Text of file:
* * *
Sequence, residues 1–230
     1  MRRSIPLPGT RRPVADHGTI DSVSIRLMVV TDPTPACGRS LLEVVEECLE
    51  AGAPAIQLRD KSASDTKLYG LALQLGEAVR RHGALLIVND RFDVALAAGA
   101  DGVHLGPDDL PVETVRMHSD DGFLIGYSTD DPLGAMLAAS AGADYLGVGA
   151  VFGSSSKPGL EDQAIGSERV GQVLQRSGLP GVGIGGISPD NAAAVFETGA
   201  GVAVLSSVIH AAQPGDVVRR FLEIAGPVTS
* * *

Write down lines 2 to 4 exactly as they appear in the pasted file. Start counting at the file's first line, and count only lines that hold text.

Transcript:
     1  MRRSIPLPGT RRPVADHGTI DSVSIRLMVV TDPTPACGRS LLEVVEECLE
    51  AGAPAIQLRD KSASDTKLYG LALQLGEAVR RHGALLIVND RFDVALAAGA
   101  DGVHLGPDDL PVETVRMHSD DGFLIGYSTD DPLGAMLAAS AGADYLGVGA